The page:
This type of preferment was developed by Italian bakers. The production technique of biga was developed just a few years after the discovery of baker’s yeast.
In the 19th century, some bakers in Europe walked away from the use of sourdough for the sake of adopting faster production techniques, but needed to recover some of the flavor and aroma that was given up in that process.
Biga was then made fresh every day and added to recipes at different levels, depending on the formula, for routine production of traditional Italian bakery goods.1,2
Due to its stiff consistency (low hydration level), it provides strength to dough, which is actually its original purpose. Bread made with biga has a complex flavor due to its long fermentation period.
The long fermentation occurs because the yeast’s movement and metabolic activity are impeded or slowed down by the low level of free water available. Yeast also propagates slower and partially consumes the carbohydrates in the dough.
Biga is often used in breads that need a light and open structure, i.e., more cells. It helps to preserve bread by extending its shelf life due to its higher acidity level, or lower pH.
A traditional biga is prepared by using flour, water, and yeast. The quantities can be as follows:
- Bread flour: 100%
- Water: 50–60%
- Fresh yeast: 0.8–1.5% or
- Instant yeast: 0.1%
The mixture is only mixed to form a homogeneous dough (full gluten development is not the target in this case), and then allowed to ferment for 8–16 hours at a temperature of 15–20°C (59–68°F).
The fermentation conditions (time, temperature) may be modulated depending on the baker’s convenience and type of bread being prepared. When ripe, it will be domed and just beginning to recede in the center.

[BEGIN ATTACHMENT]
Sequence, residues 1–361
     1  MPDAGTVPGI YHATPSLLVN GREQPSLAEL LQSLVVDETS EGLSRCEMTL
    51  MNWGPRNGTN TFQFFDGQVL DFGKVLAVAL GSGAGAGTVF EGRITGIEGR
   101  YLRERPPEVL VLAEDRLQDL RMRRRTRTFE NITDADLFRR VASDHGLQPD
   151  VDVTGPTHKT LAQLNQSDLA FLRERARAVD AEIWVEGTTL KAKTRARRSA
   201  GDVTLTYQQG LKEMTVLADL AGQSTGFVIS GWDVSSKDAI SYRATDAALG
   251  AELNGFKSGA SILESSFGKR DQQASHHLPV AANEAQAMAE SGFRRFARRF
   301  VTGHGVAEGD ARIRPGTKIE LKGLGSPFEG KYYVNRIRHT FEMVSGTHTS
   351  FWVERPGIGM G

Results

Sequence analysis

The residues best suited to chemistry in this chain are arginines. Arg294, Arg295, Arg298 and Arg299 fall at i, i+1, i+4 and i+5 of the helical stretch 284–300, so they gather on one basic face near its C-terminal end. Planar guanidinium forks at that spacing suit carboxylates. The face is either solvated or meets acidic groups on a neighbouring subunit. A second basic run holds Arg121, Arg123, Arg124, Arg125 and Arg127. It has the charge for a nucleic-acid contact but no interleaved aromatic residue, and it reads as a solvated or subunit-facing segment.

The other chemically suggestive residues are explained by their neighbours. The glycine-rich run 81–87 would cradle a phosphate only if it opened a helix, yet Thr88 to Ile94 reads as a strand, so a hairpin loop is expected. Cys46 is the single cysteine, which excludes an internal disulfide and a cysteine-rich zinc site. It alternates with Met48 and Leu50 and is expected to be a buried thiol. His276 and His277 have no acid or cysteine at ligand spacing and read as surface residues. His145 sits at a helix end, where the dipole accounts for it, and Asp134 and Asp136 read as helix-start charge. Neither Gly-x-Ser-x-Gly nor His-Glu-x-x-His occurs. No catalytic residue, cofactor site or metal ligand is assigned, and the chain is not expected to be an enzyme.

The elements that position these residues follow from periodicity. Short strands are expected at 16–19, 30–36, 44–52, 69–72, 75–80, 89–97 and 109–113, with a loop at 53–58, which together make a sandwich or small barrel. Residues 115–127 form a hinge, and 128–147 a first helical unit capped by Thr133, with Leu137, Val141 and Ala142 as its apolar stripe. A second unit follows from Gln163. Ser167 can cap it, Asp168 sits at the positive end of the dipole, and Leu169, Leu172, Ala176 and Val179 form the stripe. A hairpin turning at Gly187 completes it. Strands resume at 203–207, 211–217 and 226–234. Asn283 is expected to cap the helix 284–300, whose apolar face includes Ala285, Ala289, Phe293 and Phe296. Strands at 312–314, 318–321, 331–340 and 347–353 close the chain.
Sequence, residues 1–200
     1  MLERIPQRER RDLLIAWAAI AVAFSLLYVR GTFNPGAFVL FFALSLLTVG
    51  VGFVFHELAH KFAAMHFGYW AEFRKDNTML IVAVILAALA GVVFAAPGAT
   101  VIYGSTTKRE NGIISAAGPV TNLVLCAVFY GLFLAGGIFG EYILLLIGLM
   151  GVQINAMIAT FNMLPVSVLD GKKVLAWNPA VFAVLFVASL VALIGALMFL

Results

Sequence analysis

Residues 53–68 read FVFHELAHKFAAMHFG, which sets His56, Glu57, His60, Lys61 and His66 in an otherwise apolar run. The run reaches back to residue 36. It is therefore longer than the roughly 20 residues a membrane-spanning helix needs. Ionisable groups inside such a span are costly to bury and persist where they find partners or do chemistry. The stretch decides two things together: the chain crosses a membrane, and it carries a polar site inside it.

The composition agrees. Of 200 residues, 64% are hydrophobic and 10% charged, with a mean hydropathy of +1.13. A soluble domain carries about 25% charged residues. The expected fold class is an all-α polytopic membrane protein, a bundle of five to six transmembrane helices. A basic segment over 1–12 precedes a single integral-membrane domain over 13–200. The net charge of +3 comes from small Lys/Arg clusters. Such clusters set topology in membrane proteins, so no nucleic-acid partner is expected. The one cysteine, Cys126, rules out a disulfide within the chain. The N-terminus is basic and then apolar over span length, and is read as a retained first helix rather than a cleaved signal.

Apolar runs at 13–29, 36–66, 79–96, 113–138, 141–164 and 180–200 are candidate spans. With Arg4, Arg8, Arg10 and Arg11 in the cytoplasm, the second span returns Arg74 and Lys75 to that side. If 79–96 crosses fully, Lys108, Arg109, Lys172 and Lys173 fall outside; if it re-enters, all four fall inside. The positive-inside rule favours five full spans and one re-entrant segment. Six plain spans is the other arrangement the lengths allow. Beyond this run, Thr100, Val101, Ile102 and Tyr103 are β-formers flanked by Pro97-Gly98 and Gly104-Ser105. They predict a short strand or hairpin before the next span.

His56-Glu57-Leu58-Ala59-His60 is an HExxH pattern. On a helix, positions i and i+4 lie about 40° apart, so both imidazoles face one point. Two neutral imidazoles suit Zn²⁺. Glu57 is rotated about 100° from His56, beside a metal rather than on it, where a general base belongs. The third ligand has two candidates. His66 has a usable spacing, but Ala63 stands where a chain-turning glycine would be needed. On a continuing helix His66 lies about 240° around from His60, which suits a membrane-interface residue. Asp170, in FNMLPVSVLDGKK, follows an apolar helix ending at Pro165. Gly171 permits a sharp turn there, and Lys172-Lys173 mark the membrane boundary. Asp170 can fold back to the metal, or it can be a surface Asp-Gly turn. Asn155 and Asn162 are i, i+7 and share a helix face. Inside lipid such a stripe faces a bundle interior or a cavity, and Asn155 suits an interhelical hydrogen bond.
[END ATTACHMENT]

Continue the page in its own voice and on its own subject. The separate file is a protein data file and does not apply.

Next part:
When biga has been given the right fermentation, the remaining flour and water are added on the dough side. After 30–60 mins of floor time, the dough is divided/cut, shaped, and left to proof one last time for about 30–60 mins, and then baked.
Bakers should use biga carefully when also using stronger flour, to avoid hurting extensibility. If dough extensibility is compromised, higher hydration or autolyse will help regain a better balance.1
Biga is used in the production of a variety of bakery products, which include:
- Ciabatta (40% biga in final dough formula)
- Filoncini burro y nocci (20% biga in final dough formula)
- Breads made from high-hydration doughs
- Danish dough (67% biga in final dough formula)
- Suas, M. “Fermentation.” Advanced Bread and Pastry: A Professional Approach, Delmar, Cengage Learning, 2009, pp. 86–88.
- Stella Culinary, “The Three Mother Preferments and How to Use Them.” https://stellaculinary.com/content/three-mother-preferments-and-how-use-them. Accessed 30 March 2018.
- Hamelman, J. Bread – a Baker’s Book of Techniques and Recipes, 2004, p. 105.